Growing Vegetables in Containers
If your living in a unit or have very limited space for a vegetable garden don’t worry as you can grow most vegetables in containers or pots, I would like to share with you my tips on growing in containers
My favourite vegetable is the humble tomato; I love to grow them but love eating them even more in a salad, cooked in a stir fry even on toast.
Vegetables are easy to grow if you follow the easy steps.
I grow all my vegetables in full sun, but the problem with growing in containers is the problem of evaporation the soil in the pot will quickly dry out, so you need to check your plants every day to make sure they have enough moisture.
You can retain more moisture inside your pot by adding more organic matter and worm castings than you would normally use in a garden soil, by adding more worm castings and organic matter it absorbs the moisture and retains it longer for the plant to utilize when required.
I also paint my pots white as this reflects the heat from the sun; the black pots absorb the heat from the sun over heating the soil and evaporating the contained moisture.
The most important step to successful container gardening and for that matter vegetable gardening in general is to use the best soil you can get your hands on, Now I did not say go and buy organic garden soil from the local landscaper as most of this soil is really lacking, It’s much easier to rebuild the life in your own soil with organic matter and microbes
Building fertile soil
I build lots of organic vegetable gardens and I never purchase garden soil it’s a waste of time and money, I normally rebuild the soil the customer has, and also love Lasagna gardens they are my first choice and you can normally find the materials for free. So please google lasagna garden or no dig garden if you’re stuck or want advice contact me via the website www.wormtec.com.au and I will point you in the right direction.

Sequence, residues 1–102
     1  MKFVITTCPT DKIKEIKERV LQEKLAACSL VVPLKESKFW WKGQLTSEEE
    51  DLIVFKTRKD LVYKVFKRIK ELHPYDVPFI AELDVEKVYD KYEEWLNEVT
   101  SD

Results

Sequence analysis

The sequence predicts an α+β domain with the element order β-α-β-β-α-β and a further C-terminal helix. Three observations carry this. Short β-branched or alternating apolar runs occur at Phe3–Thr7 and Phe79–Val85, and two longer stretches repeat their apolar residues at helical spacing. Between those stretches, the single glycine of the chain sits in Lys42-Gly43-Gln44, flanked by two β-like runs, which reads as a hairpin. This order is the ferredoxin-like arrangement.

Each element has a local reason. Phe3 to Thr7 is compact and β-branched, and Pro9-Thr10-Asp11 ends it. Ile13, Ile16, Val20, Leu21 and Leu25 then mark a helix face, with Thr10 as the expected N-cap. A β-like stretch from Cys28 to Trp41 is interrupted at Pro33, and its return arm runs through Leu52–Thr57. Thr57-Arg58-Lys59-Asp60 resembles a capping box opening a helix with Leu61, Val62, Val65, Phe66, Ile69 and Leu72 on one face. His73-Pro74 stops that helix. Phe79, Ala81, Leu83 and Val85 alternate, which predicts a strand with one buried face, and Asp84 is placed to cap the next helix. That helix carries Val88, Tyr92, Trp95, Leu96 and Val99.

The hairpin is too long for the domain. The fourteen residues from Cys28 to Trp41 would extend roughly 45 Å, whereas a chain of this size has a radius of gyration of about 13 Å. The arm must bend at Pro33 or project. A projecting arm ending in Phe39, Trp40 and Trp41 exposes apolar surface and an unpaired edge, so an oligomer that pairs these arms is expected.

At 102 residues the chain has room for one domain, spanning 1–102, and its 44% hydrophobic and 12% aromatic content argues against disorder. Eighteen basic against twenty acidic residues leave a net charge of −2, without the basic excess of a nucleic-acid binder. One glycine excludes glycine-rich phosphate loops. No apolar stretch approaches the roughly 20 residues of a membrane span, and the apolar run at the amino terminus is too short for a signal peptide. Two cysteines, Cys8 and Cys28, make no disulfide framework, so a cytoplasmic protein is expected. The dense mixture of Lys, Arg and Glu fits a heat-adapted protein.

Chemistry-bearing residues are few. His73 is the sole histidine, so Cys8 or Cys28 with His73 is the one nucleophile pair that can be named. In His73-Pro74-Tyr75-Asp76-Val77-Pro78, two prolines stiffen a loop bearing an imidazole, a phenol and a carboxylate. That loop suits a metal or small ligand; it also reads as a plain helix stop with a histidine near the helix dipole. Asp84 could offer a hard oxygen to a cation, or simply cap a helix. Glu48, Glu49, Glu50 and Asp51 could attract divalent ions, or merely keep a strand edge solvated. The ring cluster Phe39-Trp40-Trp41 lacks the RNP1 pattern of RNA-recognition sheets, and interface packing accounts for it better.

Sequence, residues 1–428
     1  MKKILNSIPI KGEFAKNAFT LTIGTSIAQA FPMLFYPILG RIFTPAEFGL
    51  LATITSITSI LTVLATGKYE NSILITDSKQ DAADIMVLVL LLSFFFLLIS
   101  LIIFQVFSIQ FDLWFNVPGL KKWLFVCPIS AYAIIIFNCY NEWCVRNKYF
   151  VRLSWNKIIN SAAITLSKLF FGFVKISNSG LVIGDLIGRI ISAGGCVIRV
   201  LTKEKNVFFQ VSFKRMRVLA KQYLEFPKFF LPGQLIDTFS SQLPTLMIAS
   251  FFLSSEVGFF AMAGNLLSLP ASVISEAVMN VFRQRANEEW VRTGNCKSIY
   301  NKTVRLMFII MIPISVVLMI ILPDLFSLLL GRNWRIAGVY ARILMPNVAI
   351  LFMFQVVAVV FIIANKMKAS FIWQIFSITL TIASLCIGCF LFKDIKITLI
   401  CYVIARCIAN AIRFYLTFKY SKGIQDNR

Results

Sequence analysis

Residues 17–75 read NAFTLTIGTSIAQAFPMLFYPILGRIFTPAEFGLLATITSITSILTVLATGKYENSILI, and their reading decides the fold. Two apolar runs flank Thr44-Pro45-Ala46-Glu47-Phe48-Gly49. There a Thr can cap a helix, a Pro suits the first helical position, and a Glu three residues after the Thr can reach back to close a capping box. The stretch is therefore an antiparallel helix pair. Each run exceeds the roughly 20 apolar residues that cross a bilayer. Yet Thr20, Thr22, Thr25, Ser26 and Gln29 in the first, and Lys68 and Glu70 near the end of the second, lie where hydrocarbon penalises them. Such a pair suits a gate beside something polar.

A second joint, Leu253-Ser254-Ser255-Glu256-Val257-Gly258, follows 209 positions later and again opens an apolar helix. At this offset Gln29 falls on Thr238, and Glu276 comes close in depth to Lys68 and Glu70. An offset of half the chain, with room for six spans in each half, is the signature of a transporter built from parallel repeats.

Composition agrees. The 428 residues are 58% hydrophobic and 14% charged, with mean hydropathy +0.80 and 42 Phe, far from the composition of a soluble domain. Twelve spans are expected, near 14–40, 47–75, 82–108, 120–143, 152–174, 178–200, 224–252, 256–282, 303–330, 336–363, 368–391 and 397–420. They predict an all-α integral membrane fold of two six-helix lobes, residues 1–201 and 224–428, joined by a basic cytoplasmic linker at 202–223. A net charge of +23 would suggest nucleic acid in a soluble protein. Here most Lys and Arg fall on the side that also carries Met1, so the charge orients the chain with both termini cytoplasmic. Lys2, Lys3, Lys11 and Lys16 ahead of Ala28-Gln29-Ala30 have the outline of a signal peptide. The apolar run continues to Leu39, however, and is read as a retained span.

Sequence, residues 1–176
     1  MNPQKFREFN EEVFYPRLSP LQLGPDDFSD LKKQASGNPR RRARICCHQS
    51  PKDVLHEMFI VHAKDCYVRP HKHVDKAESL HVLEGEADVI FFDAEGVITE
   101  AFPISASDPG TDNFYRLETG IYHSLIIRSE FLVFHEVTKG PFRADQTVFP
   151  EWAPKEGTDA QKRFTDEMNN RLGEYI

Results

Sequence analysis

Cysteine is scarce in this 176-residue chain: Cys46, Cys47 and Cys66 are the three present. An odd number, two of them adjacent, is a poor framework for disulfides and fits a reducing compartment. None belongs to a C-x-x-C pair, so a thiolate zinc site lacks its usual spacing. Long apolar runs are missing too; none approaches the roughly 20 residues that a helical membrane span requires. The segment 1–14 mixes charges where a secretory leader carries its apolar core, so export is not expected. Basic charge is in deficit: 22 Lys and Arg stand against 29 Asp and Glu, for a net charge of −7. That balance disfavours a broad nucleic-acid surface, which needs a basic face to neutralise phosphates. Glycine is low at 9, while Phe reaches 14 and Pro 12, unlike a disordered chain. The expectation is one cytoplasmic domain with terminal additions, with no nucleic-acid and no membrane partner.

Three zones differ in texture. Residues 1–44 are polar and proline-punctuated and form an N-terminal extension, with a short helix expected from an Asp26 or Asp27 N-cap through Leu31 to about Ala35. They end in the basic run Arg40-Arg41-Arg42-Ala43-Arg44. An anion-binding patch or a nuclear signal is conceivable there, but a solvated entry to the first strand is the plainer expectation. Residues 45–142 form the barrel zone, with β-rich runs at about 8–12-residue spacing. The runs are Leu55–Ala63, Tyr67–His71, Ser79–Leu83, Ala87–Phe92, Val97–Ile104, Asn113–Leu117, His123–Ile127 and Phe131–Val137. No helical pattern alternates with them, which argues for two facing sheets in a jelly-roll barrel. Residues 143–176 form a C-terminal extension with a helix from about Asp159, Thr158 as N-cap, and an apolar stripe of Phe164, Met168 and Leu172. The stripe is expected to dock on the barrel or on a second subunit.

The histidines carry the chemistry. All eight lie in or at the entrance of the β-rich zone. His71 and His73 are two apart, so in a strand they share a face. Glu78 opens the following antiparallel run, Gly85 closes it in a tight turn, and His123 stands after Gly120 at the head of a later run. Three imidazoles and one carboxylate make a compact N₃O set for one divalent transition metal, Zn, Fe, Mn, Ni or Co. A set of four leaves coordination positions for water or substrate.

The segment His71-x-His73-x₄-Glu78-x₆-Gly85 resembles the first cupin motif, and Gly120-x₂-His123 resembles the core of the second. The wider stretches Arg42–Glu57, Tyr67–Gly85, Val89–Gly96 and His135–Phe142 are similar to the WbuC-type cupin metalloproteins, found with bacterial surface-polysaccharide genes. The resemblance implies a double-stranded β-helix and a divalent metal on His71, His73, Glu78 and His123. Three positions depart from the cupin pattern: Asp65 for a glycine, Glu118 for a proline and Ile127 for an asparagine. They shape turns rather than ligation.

I use mushroom compost and horse manure, My wife is a rose growing nut and has all her precious roses in plastic pots, she uses a mix of 40% mushroom compost, 40% horse manure, 15% worm castings and 5% fine rock dust for her mix. I have used this same mix in my vegetable pots with fantastic disease free results, If you have good soil you can mix it into this mix at a 50% ratio.
The bigger the pot the better it is, not so much for the root system, but most vegetables are very hungry and need lots of nutrients and moisture with a larger pot your soil can hold more water.
Here is another very important area of growing in pots, you only water enough so the soil is wet you don’t want lots of water running out the bottom of the pot as this washes all the nutrients out of your soil, you also don’t want the soil to dry out as the soil will shrink in the pot and the water you add will run down the gap between the soil and the pot side not even watering the soil at all.
Retaining Nutrients and Minerals in your pots.
Because you have mixed a nice organic soil full of organic matter containing all the nutrients your plants require, there is an extra step you can utilize to conserve you water and nutrients inside your pots, Soil Biology is the answer soil microbes go around in the soil consuming the minerals and nutrients contained in the soil, these microbes then contain the minerals and nutrients inside their bodies so if you water heavily the microbes are live animals and cling onto the soil particles and don’t wash out of the pot like a nutrient would, when these microbes die or are consumed the release these nutrients like a slow release fertiliser would, microbes also live on the soil particles and coat each soil particle with a mucus coating, this coating retains moisture.
Applying a thin layer of mulch will reduce your water evaporation as well try using a little Lucerne hay its full of microbes that produce nitrogen, it works great for me.
Soil PH levels
The last point I would like to make is, check your soil ph levels, as most commercial soils and garden soils are too far out of balance, check yours to be sure, check my blog for an article on testing soil ph at www.wormtec.com.au
Why Garden Organically
If you wish to use synthetic fertilisers on your Vegetable garden pots remember you are eating this chemical when you eat your home grown vegetables, synthetic fertilisers also kill soil biology and cause soil compaction
If you utilize organic fertilisers and mulches your vegetables will be healthier with less pest and disease attacks, and growing vegetables will be so much easier, If you need any assistance growing Vegetables or fertilizing organically please contact me via the website. Greg